Which motorcycles did you own prior to the Ninja H2?

Before the Kawasaki Ninja H2 made way to my garage, I have owned the Honda CBR1000RR, Suzuki GSX-R1000, Kawasaki ZX-10R, Suzuki Hayabusa, Ducati Monster 769 and Ninja250R.

Why did you choose the Ninja H2? Did you consider some other motorcycles before making a decision?

My love for the Ninja H2 started brewing a few years ago when I first saw Kawasaki’s new supercharged engine when it was first revealed by Kawasaki a couple of years ago. I was quite excited to learn about the supercharged engine hence I waited to see their final product, which came out last year in the form of the Ninja H2. Yes, I did consider the 2015 BMW S1000RR and the Ducati Panigale 1299 but it was the Ninja H2 that I finally fell for.

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How is the handling? Is it nimble or does it require an extra effort?

I have owned a Suzuki Hayabusa for over a year and a half. Hence, I find the Kawasaki Ninja H2 to be much lighter. The Suzuki Hayabusa, which weighs nearly 260 kilogram, is about 22 kilogram heavier and has a longer wheelbase than the Ninja H2. So, for me, the Ninja H2 is relatively light. When it comes to handling, I find the Ninja H2 to be very nimble. It might not be as nimble as the ZX-10R on the track because of the slightly higher weight and a few other things, but how many times are your going to visit a race track anyway?

How friendly is the riding position/ergonomics?

The Kawasaki Ninja H2 boasts great ergonomics, evident as one tucks himself into the hip-supporting pads behind the rider-only seat. The seat supports the rider during intense acceleration and high speed runs. Similar to many supersport motorcycles, the riding position of the Ninja H2 is very aggressive and one may find it difficult to ride over long distances. Riding the motorcycle in bumper to bumper traffic too is very difficult.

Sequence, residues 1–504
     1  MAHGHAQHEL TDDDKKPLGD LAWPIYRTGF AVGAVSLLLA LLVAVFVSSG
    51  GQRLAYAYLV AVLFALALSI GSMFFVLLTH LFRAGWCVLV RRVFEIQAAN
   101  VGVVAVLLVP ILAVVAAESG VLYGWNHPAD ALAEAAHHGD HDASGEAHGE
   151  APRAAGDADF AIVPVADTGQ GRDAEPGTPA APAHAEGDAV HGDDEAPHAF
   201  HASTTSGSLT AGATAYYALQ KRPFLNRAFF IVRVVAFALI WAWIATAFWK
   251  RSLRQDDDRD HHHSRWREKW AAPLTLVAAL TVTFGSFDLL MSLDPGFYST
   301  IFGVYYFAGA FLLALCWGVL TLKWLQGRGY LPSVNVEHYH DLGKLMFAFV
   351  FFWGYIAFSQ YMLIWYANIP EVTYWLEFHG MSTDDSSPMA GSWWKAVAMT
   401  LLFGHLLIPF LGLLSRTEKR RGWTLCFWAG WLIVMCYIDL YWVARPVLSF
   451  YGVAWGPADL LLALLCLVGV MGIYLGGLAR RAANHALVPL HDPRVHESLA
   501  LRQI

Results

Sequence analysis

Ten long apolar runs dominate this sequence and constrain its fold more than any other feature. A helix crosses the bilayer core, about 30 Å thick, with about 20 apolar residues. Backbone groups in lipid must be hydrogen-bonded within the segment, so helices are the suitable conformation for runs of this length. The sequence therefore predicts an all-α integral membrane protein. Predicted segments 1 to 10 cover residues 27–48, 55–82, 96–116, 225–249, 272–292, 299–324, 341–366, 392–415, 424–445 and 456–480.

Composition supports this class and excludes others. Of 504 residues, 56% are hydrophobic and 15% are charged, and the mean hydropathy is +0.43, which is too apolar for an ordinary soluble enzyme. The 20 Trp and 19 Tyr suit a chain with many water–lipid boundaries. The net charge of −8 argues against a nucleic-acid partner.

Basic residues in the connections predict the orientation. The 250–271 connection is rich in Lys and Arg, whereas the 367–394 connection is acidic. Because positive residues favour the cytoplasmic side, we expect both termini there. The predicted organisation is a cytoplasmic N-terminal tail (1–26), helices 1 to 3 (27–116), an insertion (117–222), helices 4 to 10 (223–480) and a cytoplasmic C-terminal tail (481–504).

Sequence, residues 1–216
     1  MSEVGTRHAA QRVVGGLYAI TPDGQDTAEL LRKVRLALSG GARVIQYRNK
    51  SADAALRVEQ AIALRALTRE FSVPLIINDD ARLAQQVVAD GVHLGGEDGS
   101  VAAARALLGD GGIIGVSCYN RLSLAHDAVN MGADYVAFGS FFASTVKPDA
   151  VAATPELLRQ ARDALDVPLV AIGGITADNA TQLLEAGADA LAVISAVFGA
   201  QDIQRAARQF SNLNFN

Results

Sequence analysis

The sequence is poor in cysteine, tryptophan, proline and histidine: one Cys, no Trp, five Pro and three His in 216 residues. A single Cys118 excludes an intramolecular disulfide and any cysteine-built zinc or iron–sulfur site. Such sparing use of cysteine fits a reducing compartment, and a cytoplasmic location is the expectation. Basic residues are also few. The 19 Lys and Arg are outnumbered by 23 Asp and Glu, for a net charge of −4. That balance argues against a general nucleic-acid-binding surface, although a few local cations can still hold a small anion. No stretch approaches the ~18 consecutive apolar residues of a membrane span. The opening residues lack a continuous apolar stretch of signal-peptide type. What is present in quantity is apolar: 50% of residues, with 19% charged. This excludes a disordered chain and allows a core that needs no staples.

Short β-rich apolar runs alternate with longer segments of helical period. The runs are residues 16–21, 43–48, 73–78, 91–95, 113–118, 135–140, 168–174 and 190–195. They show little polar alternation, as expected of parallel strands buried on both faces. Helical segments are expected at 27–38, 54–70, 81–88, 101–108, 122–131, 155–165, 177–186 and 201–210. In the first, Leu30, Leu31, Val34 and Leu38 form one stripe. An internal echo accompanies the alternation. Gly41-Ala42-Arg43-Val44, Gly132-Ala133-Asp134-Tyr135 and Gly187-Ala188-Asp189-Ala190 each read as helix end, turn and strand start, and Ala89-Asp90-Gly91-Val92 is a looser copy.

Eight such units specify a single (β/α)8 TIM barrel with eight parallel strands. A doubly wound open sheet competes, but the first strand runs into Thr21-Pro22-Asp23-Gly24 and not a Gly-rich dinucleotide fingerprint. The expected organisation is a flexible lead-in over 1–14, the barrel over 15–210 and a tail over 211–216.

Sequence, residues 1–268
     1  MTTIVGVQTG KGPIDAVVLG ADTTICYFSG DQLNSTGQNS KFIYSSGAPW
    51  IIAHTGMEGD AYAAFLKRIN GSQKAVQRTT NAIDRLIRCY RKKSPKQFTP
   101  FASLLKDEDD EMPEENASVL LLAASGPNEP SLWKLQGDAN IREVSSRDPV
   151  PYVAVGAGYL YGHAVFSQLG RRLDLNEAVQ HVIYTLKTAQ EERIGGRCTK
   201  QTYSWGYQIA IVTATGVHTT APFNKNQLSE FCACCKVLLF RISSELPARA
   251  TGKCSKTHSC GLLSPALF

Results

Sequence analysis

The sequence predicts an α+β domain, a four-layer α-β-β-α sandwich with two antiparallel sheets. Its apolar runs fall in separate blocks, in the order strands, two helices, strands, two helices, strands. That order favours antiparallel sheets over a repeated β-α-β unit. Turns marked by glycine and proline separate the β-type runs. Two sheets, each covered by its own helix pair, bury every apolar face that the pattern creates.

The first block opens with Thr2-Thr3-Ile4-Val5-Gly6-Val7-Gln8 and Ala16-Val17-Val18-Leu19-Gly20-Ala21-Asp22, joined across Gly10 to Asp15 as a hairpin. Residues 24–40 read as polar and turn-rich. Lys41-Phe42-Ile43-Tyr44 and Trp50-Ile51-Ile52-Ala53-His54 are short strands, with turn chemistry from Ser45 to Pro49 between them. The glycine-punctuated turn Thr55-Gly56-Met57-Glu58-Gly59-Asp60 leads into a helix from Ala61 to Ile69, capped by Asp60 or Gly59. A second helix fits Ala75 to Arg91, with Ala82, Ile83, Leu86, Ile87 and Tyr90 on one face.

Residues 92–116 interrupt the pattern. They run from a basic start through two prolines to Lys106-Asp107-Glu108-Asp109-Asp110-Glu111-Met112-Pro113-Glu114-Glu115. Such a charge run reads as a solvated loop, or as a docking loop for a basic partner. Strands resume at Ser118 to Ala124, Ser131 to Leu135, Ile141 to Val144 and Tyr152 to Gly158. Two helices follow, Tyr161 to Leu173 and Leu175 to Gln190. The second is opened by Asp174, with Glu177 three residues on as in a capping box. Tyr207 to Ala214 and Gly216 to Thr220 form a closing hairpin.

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How is the power delivery and gearshifts? This is a new motorcycle so you would still be running it  in but how was your experience over the 1000 km you have clocked on this motorcycle?

The H2 boasts tremendous power. It’s quite docile upto 4000 rpm, post which  you feel a momentous thrust that I have experienced on no other superbike till date. Its around the 4000 mark that the supercharger really starts working its magic. The power, post the 4K mark gets into a different zone, though it starts building progressively thereon. Another step-up in power is felt at around 8000 rpm. In fact, in my personal view, the Ninja H2 delivers near identical thrust in the 3rd and the 4th gear which many other motorcycles in its segment manage only in the 1st and the 2nd gear.

The gear shifts are precise too but one may have some trouble finding the neutral sometimes. The Ninja H2 is equipped with Dog-Ring transmission which delivers quicker and smother gear shifts. The Quickshifter too works flawlessly and I find it to be smoother than the likes of the BMW S1000RR, Aprilia RSV-4 and the Daytona 675. I have owned and ridden many powerful motorcycles in the past but the Ninja H2 delivers incomparable power and one has to ride it to believe it.